Gustel   (Former tug. ZW on the funnel)

Reederei Wilhelm Skorloff

Grenzland (1933-1945)

Formerly Freya on ferry run from the North Frisian island of 
Sylt to the mainland at Hoyer. Based at Tilsit. Particularly associated with music cruises and charters including school trips which continued until 1944 until the ship was used to transport wounded citizens and finally evacuees to Memel before her own final flight. Not in a regular timetabled service. Fleetmate was MV Herbert with Captain Skorloff in command.

Tilsiter Dampfer Verein

Konigin Luise

Built in 1911 by Werft Fechter at Koenigsberg (now Kaliningrad)
Length 42.6 m
Built for the Tilsiter Dampfer Verein for service on the River Memel as Konigin Luise
Bought in 1925 by the Hamburg-Blankensese-Este Line and brought to Hamburg
Renamed Lessing in 1929
Taken over by HADAG in 1963 and scrapped in 1964


Rapid  called at Turner-Bad. Still in service in 1929


Turner (?) 
(sailed from Turner-Bad to Schlossberg)  There is reference to a motor ship Turner

Note : A postcard image (post 1920) shows two almost identical paddlers tied up together at Tilsit. Look to be ex-LCC but not Beethoven (or Memel).   One is probably Herold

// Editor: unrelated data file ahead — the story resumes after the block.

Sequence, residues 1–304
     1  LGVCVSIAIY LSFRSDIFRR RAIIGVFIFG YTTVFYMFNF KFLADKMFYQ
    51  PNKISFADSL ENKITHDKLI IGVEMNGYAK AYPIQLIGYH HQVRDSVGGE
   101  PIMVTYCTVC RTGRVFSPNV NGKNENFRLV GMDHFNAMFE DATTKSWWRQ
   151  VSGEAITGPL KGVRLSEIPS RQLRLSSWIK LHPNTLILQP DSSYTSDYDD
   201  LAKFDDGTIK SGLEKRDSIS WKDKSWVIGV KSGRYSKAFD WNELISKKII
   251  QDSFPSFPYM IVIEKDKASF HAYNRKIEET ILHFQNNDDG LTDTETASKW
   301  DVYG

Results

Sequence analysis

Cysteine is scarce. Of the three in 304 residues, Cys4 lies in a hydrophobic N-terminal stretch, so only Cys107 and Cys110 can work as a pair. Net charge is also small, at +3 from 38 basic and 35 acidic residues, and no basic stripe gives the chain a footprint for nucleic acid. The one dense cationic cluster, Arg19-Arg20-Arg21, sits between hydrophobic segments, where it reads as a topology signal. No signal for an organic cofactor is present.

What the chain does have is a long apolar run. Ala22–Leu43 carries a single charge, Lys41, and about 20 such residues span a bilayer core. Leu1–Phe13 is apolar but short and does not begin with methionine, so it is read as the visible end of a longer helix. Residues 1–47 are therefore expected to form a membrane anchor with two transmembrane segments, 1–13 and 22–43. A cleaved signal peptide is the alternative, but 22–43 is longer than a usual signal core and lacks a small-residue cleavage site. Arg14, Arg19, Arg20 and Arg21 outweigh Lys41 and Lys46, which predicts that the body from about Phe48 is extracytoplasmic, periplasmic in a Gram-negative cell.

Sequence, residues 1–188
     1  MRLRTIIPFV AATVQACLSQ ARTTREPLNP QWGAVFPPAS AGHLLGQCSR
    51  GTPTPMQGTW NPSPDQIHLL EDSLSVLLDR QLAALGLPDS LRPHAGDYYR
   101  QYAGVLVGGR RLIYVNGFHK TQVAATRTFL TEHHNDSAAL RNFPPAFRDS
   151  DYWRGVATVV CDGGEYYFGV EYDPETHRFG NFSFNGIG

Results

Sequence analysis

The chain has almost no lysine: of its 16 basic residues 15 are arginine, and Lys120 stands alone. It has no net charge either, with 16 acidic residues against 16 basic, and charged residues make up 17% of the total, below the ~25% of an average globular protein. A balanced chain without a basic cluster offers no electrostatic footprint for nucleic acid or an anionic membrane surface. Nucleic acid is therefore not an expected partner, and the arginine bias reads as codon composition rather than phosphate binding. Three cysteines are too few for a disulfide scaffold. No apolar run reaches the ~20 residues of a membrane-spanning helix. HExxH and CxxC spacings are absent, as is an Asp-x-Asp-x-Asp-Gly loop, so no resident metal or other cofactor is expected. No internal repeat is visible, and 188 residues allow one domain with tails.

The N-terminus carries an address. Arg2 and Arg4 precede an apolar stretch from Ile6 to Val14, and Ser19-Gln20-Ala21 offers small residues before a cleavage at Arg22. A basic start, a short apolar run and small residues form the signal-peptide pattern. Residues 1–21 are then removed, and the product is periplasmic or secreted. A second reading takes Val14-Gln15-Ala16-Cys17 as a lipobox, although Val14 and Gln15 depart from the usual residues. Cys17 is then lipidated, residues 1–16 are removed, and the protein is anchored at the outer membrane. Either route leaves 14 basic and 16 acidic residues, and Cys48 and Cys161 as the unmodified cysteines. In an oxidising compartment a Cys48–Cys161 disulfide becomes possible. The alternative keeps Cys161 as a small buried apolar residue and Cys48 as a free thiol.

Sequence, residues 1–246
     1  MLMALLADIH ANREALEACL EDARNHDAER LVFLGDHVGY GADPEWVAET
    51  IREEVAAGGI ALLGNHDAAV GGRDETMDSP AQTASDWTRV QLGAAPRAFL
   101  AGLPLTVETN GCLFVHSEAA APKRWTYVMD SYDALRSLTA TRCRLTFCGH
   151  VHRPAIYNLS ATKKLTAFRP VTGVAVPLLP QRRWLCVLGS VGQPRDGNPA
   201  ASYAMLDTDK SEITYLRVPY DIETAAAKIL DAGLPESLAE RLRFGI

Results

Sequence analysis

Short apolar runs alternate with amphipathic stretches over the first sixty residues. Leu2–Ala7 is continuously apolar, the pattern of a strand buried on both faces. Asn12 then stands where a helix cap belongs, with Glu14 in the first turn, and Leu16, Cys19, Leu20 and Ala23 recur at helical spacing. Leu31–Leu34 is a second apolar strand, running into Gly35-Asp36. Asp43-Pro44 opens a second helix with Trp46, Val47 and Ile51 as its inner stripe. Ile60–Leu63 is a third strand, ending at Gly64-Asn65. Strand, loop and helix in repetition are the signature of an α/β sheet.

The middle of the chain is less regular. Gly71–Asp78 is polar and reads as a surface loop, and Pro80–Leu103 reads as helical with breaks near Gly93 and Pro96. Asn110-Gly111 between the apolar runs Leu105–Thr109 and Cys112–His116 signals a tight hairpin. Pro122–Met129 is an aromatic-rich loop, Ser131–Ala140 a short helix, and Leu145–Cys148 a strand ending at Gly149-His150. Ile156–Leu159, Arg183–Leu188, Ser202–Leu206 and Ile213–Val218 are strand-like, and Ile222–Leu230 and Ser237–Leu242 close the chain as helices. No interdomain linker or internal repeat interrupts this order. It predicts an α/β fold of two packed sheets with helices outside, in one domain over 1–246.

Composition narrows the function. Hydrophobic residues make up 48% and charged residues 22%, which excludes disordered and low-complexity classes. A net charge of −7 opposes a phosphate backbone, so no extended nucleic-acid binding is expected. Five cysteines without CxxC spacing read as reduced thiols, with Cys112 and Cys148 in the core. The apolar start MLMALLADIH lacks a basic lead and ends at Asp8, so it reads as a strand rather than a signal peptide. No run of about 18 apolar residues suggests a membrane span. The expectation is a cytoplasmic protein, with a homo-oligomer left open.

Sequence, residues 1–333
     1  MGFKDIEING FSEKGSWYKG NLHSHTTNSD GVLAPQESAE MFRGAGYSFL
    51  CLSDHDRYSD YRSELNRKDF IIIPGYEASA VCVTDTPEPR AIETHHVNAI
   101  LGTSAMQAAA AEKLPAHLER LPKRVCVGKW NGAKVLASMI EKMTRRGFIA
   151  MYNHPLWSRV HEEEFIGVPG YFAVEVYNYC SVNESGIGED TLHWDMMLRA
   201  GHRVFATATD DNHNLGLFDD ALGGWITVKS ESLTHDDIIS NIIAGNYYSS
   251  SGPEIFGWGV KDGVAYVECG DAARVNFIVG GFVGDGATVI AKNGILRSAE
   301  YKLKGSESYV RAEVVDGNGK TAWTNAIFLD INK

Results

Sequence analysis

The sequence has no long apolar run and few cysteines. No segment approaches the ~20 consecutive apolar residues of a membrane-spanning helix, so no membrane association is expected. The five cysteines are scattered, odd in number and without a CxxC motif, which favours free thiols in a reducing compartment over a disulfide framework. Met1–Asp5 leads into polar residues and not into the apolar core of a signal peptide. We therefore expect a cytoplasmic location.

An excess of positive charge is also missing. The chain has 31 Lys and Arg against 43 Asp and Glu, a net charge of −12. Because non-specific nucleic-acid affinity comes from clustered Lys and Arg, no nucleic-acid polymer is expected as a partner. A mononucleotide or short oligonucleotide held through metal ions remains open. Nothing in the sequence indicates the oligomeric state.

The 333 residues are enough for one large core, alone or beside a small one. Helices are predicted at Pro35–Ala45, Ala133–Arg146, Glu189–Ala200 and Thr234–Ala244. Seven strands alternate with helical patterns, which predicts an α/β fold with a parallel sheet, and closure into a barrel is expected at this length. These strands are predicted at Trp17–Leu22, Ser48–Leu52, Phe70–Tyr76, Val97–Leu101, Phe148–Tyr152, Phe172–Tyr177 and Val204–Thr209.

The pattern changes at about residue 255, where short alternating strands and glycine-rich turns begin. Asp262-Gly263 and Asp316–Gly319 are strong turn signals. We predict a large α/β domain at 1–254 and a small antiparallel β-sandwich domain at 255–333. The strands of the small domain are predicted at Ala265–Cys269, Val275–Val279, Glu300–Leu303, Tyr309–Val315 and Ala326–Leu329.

19th Century

Luna - built in 1837 by J&W Napier of Glasgow. Registered at Memel from 1846
Terra - built 1856 by Scott & Co of Greenock. Traded on the river Memel but registered to a Mr William Taylor of Greenock
Terra Nova  - built in 1859 by Denny of Dumbarton for Clyde service as Lochlong. From 1868 at Memel as Terra Nova until moved to Russia in 1880

Tilsit-based shipping companies :  Preugschat, Schienther, Meyhofer (based in Konigsberg)
Benno Bieber : Bieber established a shipping company in Memel in 1912 and served the lagoon resorts with his steamer Schwarzort. After World War I his company operated tugs and arranged charters. The business passed to his sons, the Heinz and Helmut 

City of Elbing (now Elblag, Poland) and the Vistula Lagoon

Shipping services in Elbing made an inauspicious start after Jacob Riesen, head of the Elbing City council, along with a number of other notables of the city established a shipping company in 1828 to link the city with Koenigsberg with the locally built paddle steamer Copernikus. The ship was wrecked less than two months after the service opened.

More successful paddle steamer services began in 1841 with the arrival of the steamers Schwalbe and Falke, built by Ditchburn & Mare of Poplar, London.  A consortium of businessmen established a link with the fishing village of Kahlberg (now Krynica Morska) which straddled the spit between the Baltic Sea and the Vistula lagoon turning it into a popular tourist resort.  The paddler Adler was added later. 

It was not until the 1850s that Riesen could claim a successful passenger service. The paddle steamers Julius Born (sternwheeler) and Linau established a regular link between Elbing and Danzig. These were built by the Schichau yard in Elbing which grew to be a major builder of sea-going vessels, primarily screw steamers.